The racial reading would imply that Paul is only interested in Virginia for racial reasons, leading to the explanation that he does not really love her, but merely thrives on the glares they draw when they walk down the street together. Paul, though, suffers for his love. He allows everyone from his parents to her parents to the narrator to question his motives. He delves into reading because he questions his own motives. The one trait that stays constant throughout Paul's life, even more than his willingness to stand against the status quo, is a thirst for knowledge.
This thirst is perhaps easier to see in Virginia. She is presented as a smart, confident, worldly woman, one who is strong enough to stand against the racist forces that would try to repress her spirit. She is secure enough with her own personality to travel the world alone, and to let insults go without response. Still, she does have a weakness: the narrator points out, often, that her entire demeanor seems to convey the message, "Don't hurt my baby!" When the story is read as a polemic about race, one could find that this soft spot in Virginia implies a tenderness found in all black women, no matter how guarded their demeanor. Perhaps the need to live life defensively is what makes her tender side stand out. Still, it seems to be a characteristic that would grow in a woman like Virginia regardless of race. She happens to be a caring woman, with "maternal" instincts ("maternal" in quotes because she spends most of the story looking out for not an actual infant, but her husband).
It makes more sense to see that Virginia is looking to fill this emptiness inside of her than to see her solely as a representative of black women everywhere. Her defining moment comes when she looks back at her independent life, a life that she will lose once her baby is born, and says, "I was whiter than white and blacker than black. Hell, at least I got to see through the fog." This could be the claim of someone who has lived her life to fight the system, but it is more likely someone who has transcended the system entirely, at least for a short while. True, race is a significant part of Virginia's identity, but she at least has known another identity beyond race. The fact that her pregnancy makes her think about racial issues again does not mean that she is only a product of the racial construct.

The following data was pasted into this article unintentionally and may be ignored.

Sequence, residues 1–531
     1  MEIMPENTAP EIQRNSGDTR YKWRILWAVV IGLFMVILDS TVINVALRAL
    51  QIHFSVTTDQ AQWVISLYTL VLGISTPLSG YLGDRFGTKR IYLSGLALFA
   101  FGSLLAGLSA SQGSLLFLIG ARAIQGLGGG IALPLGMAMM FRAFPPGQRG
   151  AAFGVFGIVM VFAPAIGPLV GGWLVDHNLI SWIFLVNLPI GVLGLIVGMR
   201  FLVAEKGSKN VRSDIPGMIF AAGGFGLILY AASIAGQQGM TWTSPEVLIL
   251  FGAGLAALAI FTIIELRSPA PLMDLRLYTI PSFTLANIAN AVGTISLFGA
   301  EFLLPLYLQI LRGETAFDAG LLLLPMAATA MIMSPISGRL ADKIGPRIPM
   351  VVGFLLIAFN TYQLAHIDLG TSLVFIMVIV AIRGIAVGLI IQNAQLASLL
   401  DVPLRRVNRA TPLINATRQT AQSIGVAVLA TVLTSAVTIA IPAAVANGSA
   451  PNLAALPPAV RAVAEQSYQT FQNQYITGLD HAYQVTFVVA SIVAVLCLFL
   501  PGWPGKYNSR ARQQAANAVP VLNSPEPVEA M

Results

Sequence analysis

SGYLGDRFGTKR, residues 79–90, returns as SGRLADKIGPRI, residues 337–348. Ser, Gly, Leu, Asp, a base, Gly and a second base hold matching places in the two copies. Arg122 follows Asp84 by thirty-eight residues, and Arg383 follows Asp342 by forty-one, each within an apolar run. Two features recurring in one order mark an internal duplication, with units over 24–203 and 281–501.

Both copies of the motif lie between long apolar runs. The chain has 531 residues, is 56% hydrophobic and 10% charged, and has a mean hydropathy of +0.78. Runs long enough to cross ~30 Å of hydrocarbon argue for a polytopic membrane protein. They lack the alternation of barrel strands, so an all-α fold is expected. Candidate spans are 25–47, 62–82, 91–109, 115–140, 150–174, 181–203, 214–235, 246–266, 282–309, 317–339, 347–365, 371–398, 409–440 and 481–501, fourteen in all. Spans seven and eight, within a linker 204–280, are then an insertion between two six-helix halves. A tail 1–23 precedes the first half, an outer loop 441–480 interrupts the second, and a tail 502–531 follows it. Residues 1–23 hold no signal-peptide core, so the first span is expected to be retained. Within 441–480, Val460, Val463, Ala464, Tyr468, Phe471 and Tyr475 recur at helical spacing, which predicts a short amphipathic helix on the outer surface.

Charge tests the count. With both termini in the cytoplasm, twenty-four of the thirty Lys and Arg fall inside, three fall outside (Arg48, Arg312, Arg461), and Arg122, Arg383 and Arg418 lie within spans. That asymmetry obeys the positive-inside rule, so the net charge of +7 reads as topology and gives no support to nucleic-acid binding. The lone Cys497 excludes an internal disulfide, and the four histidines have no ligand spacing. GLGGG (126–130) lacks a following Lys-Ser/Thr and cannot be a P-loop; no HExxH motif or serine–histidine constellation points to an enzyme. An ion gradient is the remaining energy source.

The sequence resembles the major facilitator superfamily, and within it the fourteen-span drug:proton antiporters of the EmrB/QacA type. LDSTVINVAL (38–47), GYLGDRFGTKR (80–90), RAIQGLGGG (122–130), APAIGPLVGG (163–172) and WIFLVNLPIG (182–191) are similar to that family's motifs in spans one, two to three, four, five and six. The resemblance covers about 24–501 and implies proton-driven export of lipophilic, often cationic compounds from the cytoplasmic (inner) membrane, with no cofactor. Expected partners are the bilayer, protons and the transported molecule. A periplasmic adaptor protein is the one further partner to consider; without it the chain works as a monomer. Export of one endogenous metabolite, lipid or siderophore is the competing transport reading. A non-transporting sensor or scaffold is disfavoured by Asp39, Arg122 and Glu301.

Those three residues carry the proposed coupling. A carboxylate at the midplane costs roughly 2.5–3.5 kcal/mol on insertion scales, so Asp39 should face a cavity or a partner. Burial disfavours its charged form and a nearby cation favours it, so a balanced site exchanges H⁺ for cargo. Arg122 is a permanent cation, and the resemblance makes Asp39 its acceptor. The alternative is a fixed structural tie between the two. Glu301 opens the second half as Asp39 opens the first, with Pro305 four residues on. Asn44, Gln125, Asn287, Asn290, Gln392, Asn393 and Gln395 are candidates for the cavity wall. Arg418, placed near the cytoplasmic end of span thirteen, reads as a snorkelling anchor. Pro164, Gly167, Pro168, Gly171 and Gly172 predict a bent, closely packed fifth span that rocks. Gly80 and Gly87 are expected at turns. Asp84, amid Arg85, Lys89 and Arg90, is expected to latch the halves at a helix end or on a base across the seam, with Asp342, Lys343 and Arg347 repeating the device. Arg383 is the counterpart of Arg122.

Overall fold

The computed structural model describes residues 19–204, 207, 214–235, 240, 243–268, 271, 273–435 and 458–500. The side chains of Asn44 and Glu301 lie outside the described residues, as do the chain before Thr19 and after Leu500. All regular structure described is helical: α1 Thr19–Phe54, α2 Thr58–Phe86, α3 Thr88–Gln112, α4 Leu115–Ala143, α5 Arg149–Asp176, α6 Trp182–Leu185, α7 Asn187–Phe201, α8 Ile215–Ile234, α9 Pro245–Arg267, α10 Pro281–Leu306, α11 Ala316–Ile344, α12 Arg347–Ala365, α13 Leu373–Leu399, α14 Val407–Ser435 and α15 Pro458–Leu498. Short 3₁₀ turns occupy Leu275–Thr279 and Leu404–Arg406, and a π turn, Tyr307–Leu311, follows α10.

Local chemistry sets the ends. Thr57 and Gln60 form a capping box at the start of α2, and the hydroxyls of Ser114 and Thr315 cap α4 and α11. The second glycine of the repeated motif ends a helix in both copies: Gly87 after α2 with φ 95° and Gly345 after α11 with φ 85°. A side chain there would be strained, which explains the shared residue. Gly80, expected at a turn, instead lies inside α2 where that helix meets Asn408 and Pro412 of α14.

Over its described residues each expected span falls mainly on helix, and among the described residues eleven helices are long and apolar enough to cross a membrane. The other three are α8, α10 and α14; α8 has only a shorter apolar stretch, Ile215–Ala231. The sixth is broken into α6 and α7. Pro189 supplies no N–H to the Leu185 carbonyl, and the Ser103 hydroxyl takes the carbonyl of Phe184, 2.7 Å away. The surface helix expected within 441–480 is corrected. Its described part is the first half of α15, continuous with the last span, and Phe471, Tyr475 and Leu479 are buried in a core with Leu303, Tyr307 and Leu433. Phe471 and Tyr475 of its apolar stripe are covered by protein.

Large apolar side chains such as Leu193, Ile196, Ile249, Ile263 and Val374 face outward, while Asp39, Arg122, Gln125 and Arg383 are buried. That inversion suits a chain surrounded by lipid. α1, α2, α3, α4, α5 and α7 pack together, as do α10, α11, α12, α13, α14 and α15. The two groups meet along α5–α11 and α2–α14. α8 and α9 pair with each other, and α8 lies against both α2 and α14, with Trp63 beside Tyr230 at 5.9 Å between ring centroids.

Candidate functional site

The story of Paul and Virginia draws attention to race because they approach it from the opposite sides, but the narrator is no more nor less a part of the same situation. Paul is driven by a search for himself and Virginia is driven to defend innocence, and in this they compliment each other well. The narrator, though, is just as driven as either of them in his quest for stories.
One thing that "Elbow Room" never actually defines is what the narrator means when he talks about "stories." He hints at it, saying what kind of stories have become stagnant in what part of the country and identifying the ways in which his quest for stories changes his relations with friends. He drifts away from Paul and Virginia when their story loses its interest and toward a convict who is taken in by the upper class. The stories that he is interested in seem to revolve around race, and the varieties of race relations America can come up with, though he admits that the combinations are limited. Though race may be the subject matter of the stories he seeks, the fact that he is driven to seek stories is even more important. It is the fact of his obsession, not the object of his obsession, that defines who he is.
What Do I Read Next?
- McPherson burst onto the national literary scene when his short story "Gold Coast" was published in the Atlantic while he was still in law school. It has been included in The Best American Short Stories of the Century (1999) and can also be found in McPherson's first short story collection, Hue and Cry (1968).
- McPherson tells the story of his life, wrapping it around the difficult decision to sell his childhood home and evict the elderly tenants who rented from him in Crabcakes: A Memoir (1999). This collection of essays is every bit as terse and intellectually wound as his fiction.
- In his essay "What America Would Be Like Without Blacks," Ralph Ellison explores themes similar to those about which McPherson writes in his story. Ellison examines the fractured nature of the American identity when it comes to race. His essay is included in The Collected Essays of Ralph Ellison (1995).
- McPherson is often associated with the late Leon Forrest, one of the leading African American novelists of the late twentieth century. Forrest's crowning achievement is Divine Days (1993). The novel is about an aspiring playwright in Chicago in the 1960s.
- Studs Turkel's Race: How Blacks & Whites Think & Feel about the American Obsession (1993) lets ordinary people explain their perspectives about this delicate but overreaching subject.
This, at last, explains why the work that he submits to his editor feels incomplete. It may well be that the story of race in America is incomplete, and that his telling of this tale is only meant to reflect that: still, he should be able to turn the events surrounding Paul and Virginia into a recognizable narrative. He realizes that race is an obstacle for each of them, and that they need some "elbow room" from it, but he also realizes that there is more to each of them than race alone can account for. What he is missing, what he cannot explain to the editor, is not a final word on the complexities of race, but rather a final word on the wide scope of life.